The Louisiana Department of Transportation and Development will begin construction in September on a roughly 3-mile-long asphalt bike and walking trail atop the Mississippi River levee in St. Bernard Parish, the beginning of an ambitious plan to ring the parish with a regional trail and make its existing streets more bike-friendly.

Parish officials said the state will accept construction bids this week on the $1 million project, which is a 10-foot-wide path extending from the Valero Refinery in Meraux to the Violet Canal in Violet.

The work, which should take six months to complete, is the first segment of what will ultimately be an 11-mile trail, most of it along the Mississippi River.

Later phases would extend the path to the Plaquemines Parish line on the eastern end and to Paris Road on the west. A final phase of the $11.3 million project would put a trail adjacent to St. Bernard Highway between Paris Road and Commercial Street, close to the Orleans Parish line.

The state also is putting three miles of bike lanes on St. Claude Avenue and St. Bernard Highway that will connect the western end of the trail to New Orleans.

The work comes on the heels of completion of the updated St. Bernard Bikeway and Pedestrian Plan, finished in June with $40,000 from the Regional Planning Commission and input from public sessions.

The plan lays out a cycling network designed to connect parish neighborhoods with what will become two major multi-purpose trails: the Mississippi River Trail that will begin construction this fall and the planned 40 Arpent Trail. That trail, a 26-mile, $26 milllion project, would connect to the Mississippi River Trail to encircle the urbanized portion of the parish.

The plan identifies collector streets to bring people to the two major trails and their 17 trailheads. It also includes a 3-mile trail called the Chalmette Battlefield Trail that will connect the Chalmette Battlefield to the Wetlands Observatory and Boathouse at the 40 Arpent Canal.

Deborah Fagan, who coordinates grants for St. Bernard Parish, said the idea behind the plan is to create an alternative transportation network that not only connects the parish’s communities — Arabi, Chalmette, Meraux and Violet — together but also links St. Bernard with its neighboring parishes.

She said that by putting bike lanes along streets such as Rowley and Palmisano boulevards and Jean Lafitte Parkway, “it will help the neighborhoods funnel to these regional trails.”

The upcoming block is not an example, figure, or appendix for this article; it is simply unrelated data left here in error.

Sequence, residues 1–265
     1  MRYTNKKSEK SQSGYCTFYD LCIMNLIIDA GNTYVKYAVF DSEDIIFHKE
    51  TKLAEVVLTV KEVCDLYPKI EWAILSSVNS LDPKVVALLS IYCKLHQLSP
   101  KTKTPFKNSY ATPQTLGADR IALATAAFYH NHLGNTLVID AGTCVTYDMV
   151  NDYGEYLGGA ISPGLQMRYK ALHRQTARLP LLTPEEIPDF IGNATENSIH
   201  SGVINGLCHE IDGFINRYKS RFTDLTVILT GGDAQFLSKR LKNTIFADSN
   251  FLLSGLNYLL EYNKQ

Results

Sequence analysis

“When they’re all completed, we’re going to have, I think, an ideal cycling network in St. Bernard Parish," said Susan Klees, a board member of the advocacy group Bike St. Bernard. “It will be one of the best in the state, if not the best.”

Klees said making St. Bernard more accommodating to biking isn't just a way to promote recreation and exercise.

"Even though that’ s a big part of cycling, we're talking about cycling as a means of transportation," she said. "We have a lot of people who do not have access to cars, and if we can provide them with the sidewalks and the bike paths so that they have safe access to low-cost transportation, it will be a real boon for that segment of our population.”

The bikeway plan, which is available on the parish’s website, includes recommendations for bicycle routes, shared marked lanes, bicycle lanes, multi-purpose trails, sidewalk connections and other improvements.

The planned bikeways include strictly bicycle routes, shared lanes that are marked like those recently installed on Palmisano Boulevard, bicycle lanes like those recently installed on Hannan and Colonial boulevards, neighborhood greenways, shoulder routes and multiple-use trails.

The plan also incorporates the parish’s new Complete Streets Policy, which was adopted in 2016 and identifies 47 miles of sidewalks that need to be installed or improved and 56 specific pedestrian crossing improvement projects.

Fagan said St. Bernard has gotten about $3 million in funding for bike lane construction. The first three phases of the Mississippi River Trail are funded, and the parish could find out about money for the fourth phase this summer.

The fifth and final phase — the separate path along the south side of St. Bernard Highway at the west end of the parish — remains unfunded. While that phase is further down the line, the street-level striping being done by the state now near the Orleans-St. Bernard line will be there in the meantime, Fagan said.

Fagan said the parish has applied for the first of the grants to fund the 40 Arpent Trail.

Klees said planning work began on St. Bernard’s portion of the Mississippi River Trail before Hurricane Katrina, but the project took a backseat for years after the storm because resources were needed for other priorities.

She said completion of the plan update last month was important because it’s a required step before applying for state and federal funding for the project it lays out.

“As I’ve learned in my advocacy, these things don’t happen overnight,” she said.

Follow Chad Calder on Twitter, @Chad_Calder.